In order to assess the epidemiological potential of the Culicidae species in remaining areas of the Brazilian Atlantic Forest, specimens of this family were collected in wild and anthropic environments. A total of 9,403 adult mosquitoes was collected from May, 2009 to June, 2010. The most prevalent among species collected in the wild environment were Anopheles (Kerteszia) cruzii, the Melanoconion section of Culex (Melanoconion), and Aedes serratus, while the most common in the anthropic site were Coquillettidia chrysonotum/albifera, Culex (Culex) Coronator group, and An. (Ker.) cruzii. Mosquito richness was similar between environments, although the abundance of individuals from different species varied. When comparing diversity patterns between environments, anthropic sites exhibited higher richness and evenness, suggesting that environmental stress increased the number of favorable niches for culicids, promoting diversity. Increased abundance of opportunistic species in the anthropic environment enhances contact with culicids that transmit vector-borne diseases.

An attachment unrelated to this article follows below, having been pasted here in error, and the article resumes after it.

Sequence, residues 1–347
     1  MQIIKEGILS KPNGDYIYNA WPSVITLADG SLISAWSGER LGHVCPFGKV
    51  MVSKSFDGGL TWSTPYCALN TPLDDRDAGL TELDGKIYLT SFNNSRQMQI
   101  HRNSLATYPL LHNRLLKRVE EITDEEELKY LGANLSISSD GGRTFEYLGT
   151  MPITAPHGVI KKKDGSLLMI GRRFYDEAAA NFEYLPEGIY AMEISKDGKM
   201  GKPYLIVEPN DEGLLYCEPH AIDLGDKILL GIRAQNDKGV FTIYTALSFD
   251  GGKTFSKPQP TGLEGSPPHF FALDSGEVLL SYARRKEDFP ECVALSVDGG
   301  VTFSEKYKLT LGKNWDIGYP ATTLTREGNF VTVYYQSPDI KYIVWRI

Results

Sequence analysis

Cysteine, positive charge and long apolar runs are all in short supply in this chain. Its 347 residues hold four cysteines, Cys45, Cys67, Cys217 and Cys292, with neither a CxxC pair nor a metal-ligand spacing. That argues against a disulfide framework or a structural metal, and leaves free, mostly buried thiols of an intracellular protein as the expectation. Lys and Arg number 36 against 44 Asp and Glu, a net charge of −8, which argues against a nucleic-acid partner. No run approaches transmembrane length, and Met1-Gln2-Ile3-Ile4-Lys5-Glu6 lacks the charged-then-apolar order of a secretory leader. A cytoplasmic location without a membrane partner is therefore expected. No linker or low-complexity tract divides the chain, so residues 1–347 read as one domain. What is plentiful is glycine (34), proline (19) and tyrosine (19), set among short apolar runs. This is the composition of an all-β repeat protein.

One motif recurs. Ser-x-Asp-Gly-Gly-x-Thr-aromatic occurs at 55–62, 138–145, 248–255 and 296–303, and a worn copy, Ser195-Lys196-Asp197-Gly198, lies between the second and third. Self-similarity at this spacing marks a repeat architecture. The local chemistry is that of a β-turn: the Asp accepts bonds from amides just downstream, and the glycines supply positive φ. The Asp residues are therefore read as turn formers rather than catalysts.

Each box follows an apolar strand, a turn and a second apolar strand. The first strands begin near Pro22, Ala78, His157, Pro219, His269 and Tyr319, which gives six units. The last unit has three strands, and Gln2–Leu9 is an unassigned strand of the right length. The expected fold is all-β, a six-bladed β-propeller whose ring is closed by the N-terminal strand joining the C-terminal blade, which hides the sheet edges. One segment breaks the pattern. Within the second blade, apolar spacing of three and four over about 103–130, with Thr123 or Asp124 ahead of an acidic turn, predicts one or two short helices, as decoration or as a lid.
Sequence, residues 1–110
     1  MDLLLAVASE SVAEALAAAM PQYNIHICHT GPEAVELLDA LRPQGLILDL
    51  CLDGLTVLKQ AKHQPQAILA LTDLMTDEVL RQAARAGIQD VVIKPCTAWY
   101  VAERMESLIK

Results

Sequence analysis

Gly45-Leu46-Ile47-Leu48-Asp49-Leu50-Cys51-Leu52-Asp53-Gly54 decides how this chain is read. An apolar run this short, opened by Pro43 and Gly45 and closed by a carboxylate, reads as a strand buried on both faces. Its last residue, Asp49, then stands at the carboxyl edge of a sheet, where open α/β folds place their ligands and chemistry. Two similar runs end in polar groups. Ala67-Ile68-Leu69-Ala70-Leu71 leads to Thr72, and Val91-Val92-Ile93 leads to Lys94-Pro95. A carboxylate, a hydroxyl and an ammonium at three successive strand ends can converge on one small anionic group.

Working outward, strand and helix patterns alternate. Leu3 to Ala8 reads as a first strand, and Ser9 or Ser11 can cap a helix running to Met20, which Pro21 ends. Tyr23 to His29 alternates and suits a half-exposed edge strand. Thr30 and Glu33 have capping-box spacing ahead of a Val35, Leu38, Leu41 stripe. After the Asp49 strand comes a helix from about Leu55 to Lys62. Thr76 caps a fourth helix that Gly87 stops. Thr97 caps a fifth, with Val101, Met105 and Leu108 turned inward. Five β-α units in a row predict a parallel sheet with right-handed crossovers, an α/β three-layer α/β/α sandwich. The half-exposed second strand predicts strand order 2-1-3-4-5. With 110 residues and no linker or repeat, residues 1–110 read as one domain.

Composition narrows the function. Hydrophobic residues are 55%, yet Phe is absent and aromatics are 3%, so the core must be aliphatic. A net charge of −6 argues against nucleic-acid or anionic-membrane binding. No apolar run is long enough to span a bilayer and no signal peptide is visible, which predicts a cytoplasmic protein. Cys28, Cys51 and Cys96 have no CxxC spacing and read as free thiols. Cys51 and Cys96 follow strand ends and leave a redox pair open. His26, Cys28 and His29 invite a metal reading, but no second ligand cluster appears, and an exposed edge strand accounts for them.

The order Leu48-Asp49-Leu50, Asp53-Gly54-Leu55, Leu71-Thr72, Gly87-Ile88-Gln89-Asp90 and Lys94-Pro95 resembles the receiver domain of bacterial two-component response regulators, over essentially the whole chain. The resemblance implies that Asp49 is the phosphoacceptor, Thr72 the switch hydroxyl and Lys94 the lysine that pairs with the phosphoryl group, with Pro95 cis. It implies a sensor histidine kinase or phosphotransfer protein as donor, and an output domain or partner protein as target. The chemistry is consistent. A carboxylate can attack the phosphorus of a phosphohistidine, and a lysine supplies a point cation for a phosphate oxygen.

You have requested a machine translation of selected content from our databases. This functionality is provided solely for your convenience and is in no way intended to replace human translation. Neither BioOne nor the owners and publishers of the content make, and they explicitly disclaim, any express or implied representations or warranties of any kind, including, without limitation, representations and warranties as to the functionality of the translation feature or the accuracy or completeness of the translations.
Translations are not retained in our system. Your use of this feature and the translations is subject to all use restrictions contained in the Terms and Conditions of Use of the BioOne website.
Vol. 37 • No. 2